Never one to do things by halves, the first job was quite a way out of my comfort zone; and I’m not sure I was prepared for the learning experience it proved itself to be.
If you missed Rachel’s first post, read it here
The Photo Booth
A friend asked if I would photograph her 40th birthday party as a Hollywood-style photo booth. The opportunity for a rare evening out and donning a posh frock was most appealing, so I was happy to accept the job.
Pricing for friends can be very difficult but I decided that my fee for the evening would go straight to the Fountain Centre at the Royal Surrey Hospital in Guildford, as well as any profit from print sales. A charity very close to my heart, it provides vital support and counselling for patients at St Luke’s Cancer Centre and their families.
Enlisting an unwilling husband as my roadie to set up during the afternoon, and armed with back drop, soft boxes and fairy lights, not to mention an absurd amount of masking tape, we hit the venue. Setting up in a corner near the front of the ballroom, excitement mounted. I had my eye on a huge, illuminated number 40 to shoot later on, not to mention the fabulous Bubblegum Balloons peppered along the sides of the dance floor. Brushing aside the looks of vague surprise from folks that I was in fact the photographer and not my husband, I set up a few trial shots and we were good to go.
The evening was great fun, although completely exhausting. Once I had the right settings on the Fuji and my trusty Three-Legged-Thing “Rick” in position, the technical side of things took care of themselves, leaving me to engage with the increasingly relaxed guests as the night went on. It was a joy to take group shots of the birthday girl’s family, as was capturing her fabulously glamorous friends.
Keeping the pace of shooting going as the wine flowed during the evening and guests found it increasingly tricky to stay focused on a quick pose proved a bit of a challenge, as did diplomatically turning down the one or two people who fancied their own free half hour portrait session. But the mood was very happy, smiles abounded from guests and photographer alike, and any of the raised eyebrows from a couple of chaps at the compact size of my FUJIFILM X-E2, or my competence as a photographer because I was wearing a sparkly dress, were soon put to bed as they caught a glimpse of the results.
Packing my gear away after midnight – on my own as the grumpy roadie was babysitting – was weary work. It had been a long day and there was, of course, editing still to come. Ideally, people want to see or take their photos home on the day for this kind of thing, so I needed to get the gallery live on my website as soon as possible. Thankfully, it didn’t take as long as it might have if I’d indulged in the flowing wine the night before and soon the images were out there. Job done.
A steep learning curve it most certainly was. Aside from the editing afterwards, the man hours involved with setting up and the party itself were more than I had anticipated. Since this was a one-off job, I was unable to offer instant printing or downloads – not least because I didn’t have the equipment but also because I was working alone. Event photography is big business, and involves a great deal of kit, patience, skill and investment, as well as making for a very intense and pressured experience. Certainly not an option for my business, but I am glad to have given it a pop.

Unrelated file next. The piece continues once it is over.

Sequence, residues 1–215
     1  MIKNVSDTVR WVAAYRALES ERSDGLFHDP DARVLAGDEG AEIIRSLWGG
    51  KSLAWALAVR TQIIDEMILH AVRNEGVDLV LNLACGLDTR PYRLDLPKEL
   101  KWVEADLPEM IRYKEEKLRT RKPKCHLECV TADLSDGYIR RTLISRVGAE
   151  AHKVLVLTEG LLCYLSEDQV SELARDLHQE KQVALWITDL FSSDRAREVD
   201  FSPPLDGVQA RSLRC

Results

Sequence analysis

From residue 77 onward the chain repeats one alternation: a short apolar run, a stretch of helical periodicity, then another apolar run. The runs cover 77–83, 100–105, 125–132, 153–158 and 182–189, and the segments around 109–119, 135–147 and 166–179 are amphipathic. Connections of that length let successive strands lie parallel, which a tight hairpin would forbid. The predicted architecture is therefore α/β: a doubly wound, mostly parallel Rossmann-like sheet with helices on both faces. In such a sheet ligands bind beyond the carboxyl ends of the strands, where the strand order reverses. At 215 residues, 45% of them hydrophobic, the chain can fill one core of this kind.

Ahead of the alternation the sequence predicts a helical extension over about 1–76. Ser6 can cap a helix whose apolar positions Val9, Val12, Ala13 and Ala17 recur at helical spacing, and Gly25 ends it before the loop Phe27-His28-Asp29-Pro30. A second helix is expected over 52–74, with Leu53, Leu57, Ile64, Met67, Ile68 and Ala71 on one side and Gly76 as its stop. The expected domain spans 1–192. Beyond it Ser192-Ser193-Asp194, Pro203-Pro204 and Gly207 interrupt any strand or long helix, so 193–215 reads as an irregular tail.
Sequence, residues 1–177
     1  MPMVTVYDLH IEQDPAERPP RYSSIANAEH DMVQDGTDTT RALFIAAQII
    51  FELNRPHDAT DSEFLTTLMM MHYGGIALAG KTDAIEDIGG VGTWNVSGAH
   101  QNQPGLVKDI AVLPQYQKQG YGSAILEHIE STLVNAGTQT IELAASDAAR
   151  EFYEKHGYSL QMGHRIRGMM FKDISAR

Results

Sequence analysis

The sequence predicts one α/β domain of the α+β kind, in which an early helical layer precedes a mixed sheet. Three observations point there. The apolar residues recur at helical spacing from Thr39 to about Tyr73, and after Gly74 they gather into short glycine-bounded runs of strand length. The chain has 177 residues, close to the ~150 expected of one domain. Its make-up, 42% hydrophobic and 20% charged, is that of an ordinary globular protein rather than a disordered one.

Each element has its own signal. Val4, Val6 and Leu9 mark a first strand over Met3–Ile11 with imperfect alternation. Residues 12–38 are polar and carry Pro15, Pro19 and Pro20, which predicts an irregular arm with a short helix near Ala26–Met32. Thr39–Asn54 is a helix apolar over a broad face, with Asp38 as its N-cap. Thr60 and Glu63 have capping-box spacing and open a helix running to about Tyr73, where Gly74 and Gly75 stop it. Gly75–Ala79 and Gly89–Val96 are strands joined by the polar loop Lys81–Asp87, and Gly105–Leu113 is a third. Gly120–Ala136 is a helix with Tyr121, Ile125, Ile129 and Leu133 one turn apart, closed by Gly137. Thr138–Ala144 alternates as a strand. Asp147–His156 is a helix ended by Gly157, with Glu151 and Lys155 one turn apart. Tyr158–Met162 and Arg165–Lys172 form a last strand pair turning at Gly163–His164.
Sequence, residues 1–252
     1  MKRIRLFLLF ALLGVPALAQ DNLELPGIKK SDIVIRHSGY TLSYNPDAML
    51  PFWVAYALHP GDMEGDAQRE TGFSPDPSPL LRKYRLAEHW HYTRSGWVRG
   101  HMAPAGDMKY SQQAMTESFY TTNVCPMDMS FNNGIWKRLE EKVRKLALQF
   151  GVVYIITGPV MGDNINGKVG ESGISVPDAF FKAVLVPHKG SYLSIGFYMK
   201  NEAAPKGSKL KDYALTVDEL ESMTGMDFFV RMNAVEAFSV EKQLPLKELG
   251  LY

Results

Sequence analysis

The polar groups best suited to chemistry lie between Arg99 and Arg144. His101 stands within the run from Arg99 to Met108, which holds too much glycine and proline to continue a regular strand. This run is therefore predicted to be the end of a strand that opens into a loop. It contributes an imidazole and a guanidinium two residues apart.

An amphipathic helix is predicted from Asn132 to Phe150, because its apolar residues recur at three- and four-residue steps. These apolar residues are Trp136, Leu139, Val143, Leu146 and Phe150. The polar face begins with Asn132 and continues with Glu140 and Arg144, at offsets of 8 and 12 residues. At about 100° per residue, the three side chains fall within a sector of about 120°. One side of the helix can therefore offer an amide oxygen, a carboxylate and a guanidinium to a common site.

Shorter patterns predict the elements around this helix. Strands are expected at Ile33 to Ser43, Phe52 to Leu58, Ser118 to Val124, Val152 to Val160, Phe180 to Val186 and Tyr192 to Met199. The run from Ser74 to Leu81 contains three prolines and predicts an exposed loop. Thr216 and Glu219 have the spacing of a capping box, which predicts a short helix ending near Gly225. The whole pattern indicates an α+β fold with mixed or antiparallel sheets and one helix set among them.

In vino veritas
Something a little less pressured for my second job. I was contacted by a friend who works for a national wine merchant needing a quick turnaround to promote a selection of Riojas. What a perfect combination – booze and photography! After the time constraints of the party shoot, I was looking forward to enjoying a creative afternoon, setting up in the mini studio, playing about with ideas, lighting. And so it worked!
The brief I was given was clear: promoting 12 bottles of 6 beautiful reds, with some very precise stipulations as to perfection and display, but accompanied by the need for a fresh new look.
A warm but pale backdrop seemed a good start as an alternative to the bright white normally used by the company’s photographers. Gathering a few wine-related accessories from around the house to accompany the bottles, I got to work. Battling against reflections was the first major issue and eventually I managed to create an even look, but this took some time (and I have to confess that the sample bottle was looking ever more tempting, despite the sun not even approaching the yard arm at that point…).
“What a perfect combination – booze and photography!”
I experimented with different heights and arrangements. It was essential to ensure that the labels were visible and without any imperfections, and the challenge of such precision was a welcome one. Eventually, I had two different shots that hit the spot, and pinged them straight off to the company. The satisfaction that followed – seeing my work on a mailshot was quietly enjoyed with a glass from the sample bottle – as well as the certain decision that working in my own time is definitely the way to go.
To see more of Rachel’s work, visit: www.rachelrileyphotography.co.uk